The frantic pace of modern living seems very remote from Eva's childhood. These were the horse and buggy days when people lived more closely with nature. Winter meant hitching up a bob sled and putting covers over the horses and the passengers, except the driver who had no such luxury since he must keep his hands free to hold the lines. Sunday was the highlight of the week, when the whole family went to church in the horse and buggy or sled. In the church yard was a barn for the horses. Each family brought their own dinner. The worship served was held in the morning with Sunday School after dinner.
At the age of eight, Eva began attending school in the one room country school house. There was one teacher and 40 pupils, all at different levels. There wasn't much individual attention for a shy little German speaking girl. She did manage to complete her work through sixth grade.
Of course growing up on a farm meant there was lots of hard work for everyone. As one of the older children, Eva did field work in the spring using two, three or four horses depending on which machine she used. At harvest, the grain was cut with a binder and they followed and shocked the bundles. The bundles were then hauled and pitched into grain stacks and several weeks later they were threshed. Corn was picked by hand; on a good day Eva could pick 70 bushels or more.
|A young John Schroeder|
|Eva Becker is seated with friends, Sarah Schroeder and Mary Schultz standing|
It was inevitable that eventually there would be couples in the group. It was handsome John Schroeder who came courting the lovely Eva. This had to be done in an orderly way, of course. He took Eva for rides in his horse and buggy. Even the horse must have sensed something special was going on, for it held its head up high as tassels were attached on each side of its bridle by the ear and the lines were pulled through colored rings. After a courtship of just two months, John and Eva were married on September 2, 1913.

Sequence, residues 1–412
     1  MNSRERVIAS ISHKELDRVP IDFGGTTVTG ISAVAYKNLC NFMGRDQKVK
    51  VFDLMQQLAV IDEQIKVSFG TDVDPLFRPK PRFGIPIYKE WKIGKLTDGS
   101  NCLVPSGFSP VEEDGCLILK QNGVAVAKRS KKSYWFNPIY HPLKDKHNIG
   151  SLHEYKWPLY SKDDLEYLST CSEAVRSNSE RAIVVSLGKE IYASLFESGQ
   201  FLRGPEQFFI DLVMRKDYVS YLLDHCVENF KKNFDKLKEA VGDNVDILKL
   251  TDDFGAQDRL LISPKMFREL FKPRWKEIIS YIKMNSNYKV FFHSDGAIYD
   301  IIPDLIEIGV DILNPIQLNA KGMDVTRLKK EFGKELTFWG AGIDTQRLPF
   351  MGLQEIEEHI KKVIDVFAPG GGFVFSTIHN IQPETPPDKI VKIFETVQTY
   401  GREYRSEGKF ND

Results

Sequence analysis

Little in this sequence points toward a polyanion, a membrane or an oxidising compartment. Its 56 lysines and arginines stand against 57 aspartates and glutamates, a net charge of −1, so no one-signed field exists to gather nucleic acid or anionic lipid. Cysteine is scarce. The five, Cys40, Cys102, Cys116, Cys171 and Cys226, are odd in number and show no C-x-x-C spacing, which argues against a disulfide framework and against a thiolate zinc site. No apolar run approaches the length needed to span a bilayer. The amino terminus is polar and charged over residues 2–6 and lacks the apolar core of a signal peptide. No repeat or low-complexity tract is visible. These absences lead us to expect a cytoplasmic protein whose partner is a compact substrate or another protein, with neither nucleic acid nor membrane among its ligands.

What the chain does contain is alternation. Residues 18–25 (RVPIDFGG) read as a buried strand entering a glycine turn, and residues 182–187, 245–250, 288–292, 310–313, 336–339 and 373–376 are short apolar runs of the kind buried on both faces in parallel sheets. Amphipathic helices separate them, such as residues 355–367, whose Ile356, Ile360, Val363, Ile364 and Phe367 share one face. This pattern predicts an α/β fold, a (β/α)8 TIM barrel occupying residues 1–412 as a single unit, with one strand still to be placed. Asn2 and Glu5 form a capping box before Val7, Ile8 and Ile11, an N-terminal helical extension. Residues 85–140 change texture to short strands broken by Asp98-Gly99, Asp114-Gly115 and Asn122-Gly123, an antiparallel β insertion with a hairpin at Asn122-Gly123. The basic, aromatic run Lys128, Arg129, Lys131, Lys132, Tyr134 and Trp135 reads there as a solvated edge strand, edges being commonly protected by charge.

|On their wedding day|
The newlyweds were about to undertake an adventure. John had already filed a homestead near Chinook, Montana. This was one reason for their short courtship. Were they ready for the challenge? They were young, but resourceful and they knew how to work hard. They had their strong Christian faith. The things they were about to experience would challenge all these resources, but of course, they didn't know that as they rode home from the church in the cousin's car all full of joy and love.
Read more of John and Eva's story: (Click on the title.)
Part 2: Homesteading in Montana
Part 3: The Great Depression
Part 4: The Minnesota Years
Part 5: Growing Old